‘UNPRECEDENTED EFFORT TO STRANGLE CLEAN ENERGY’ UNDERWAY
Currently there is wending it’s way through Congress, a new bill, introduced by the Chairman of the House Natural Resources Committee, Democrat Nick Rahall of West Virginia, which would “essentially outlaw the generation of electricity from new wind power plants in the United States and even phase out power production from existing wind turbines.”
The provision, Subtitle D of H.R. 2337, would:
Bar any new wind power project until new Fish and Wildlife Service (FWS) rules are issued – a process likely to take years – and require FWS certification of every turbine.
Require all existing turbines, even small residential units, to cease operating 6 months after issuance of new FWS rules until they are “certified,” an unwieldy bureaucratic process applying to many thousands of turbines that, again, will take years.
Make it a crime, punishable by a $50,000 fine or a year in jail, to construct or generate electricity from an unapproved turbine, even for home use.
Undermine state and federal efforts to promote renewable electricity generation and subvert the growing movement to reduce global warming pollution.
Create an unworkable bureaucracy that will delay clean, emissions-free wind energy projects throughout the U.S.
Allegedly, this new legislation is intended to bring an end to bird deaths caused when the hapless creatures fly into the turbines, but the data tells us otherwise. According to the National Academy of Sciences, bird deaths caused by wind turbines amounted to less than three of every 100,000 birds to die in calendar year 2003.
Moreover, existing evidence suggests that fossil fuel-fired electricity generation, not covered by H.R. 2337’s requirements, has far greater wildlife impacts, then the previously mentioned wind turbines.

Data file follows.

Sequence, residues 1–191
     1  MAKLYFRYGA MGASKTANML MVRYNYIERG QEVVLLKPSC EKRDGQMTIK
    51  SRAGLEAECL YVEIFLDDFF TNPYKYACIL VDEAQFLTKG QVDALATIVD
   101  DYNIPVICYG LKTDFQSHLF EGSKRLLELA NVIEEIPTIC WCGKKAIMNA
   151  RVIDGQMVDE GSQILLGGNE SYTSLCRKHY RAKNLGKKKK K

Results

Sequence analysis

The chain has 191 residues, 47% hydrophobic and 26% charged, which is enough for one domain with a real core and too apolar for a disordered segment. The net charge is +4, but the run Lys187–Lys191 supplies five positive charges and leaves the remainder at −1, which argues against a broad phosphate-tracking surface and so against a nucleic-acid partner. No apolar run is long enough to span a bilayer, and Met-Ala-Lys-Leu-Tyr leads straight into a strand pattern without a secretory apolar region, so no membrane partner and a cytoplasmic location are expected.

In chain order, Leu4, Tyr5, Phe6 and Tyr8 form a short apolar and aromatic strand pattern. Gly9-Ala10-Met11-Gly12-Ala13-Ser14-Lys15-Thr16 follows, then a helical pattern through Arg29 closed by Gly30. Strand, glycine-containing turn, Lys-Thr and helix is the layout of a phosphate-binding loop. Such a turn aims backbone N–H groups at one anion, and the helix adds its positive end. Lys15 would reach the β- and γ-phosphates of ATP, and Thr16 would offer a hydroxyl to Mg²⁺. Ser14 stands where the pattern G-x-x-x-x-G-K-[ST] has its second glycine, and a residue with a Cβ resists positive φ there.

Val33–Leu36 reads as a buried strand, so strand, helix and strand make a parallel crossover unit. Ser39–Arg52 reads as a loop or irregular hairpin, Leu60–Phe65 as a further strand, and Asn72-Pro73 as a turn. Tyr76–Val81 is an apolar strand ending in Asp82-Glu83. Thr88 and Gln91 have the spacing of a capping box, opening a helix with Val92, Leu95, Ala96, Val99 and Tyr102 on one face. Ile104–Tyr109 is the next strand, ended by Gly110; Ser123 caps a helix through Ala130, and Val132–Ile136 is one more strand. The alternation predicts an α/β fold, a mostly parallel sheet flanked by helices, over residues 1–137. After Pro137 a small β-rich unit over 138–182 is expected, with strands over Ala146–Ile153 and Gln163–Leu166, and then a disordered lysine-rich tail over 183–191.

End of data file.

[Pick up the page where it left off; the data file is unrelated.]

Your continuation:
Reacting to the proposed legislation, Gregory Wetstone, Senior Director of Government and Public Affairs of the American Wind Energy Association noted the obvious, “Wind energy requires no mining or drilling for fuel, no fuel transportation, no hazardous waste disposal, and no water use; and wind energy generates electricity without toxic pollutants like mercury, without greenhouse pollution, and of course without the conventional pollutants that cause smog and acid rain. Is this really an energy sector Congress should close down, for environmental reasons?”
The answer here is a rousing no. Quoting Wetstone once again, “Wind power is an essential element of the climate change solution. Further increasing the percentage of electricity wind produces in America will provide much needed price stability, generate tens of millions of dollars in revenue for farmers and rural communities, and create tens of thousands of jobs.”
Shouldn’t Congress be looking for ways to support this venture and accelerate its growth rather than placing roadblocks in its path? Here at Lib’sEarthWatch, we believe this to be the case.
That is of course unless this legislation is just another mealy-mouthed way for bought and paid for congressmen to do the bidding of their masters in the fossil fuel industry?
Perhaps an organization such as Mr. Wetstone’s could look a bit deeper into this possible link. In the meantime, it is up to those of us in the BLOGOSPHERE to keep this story alive.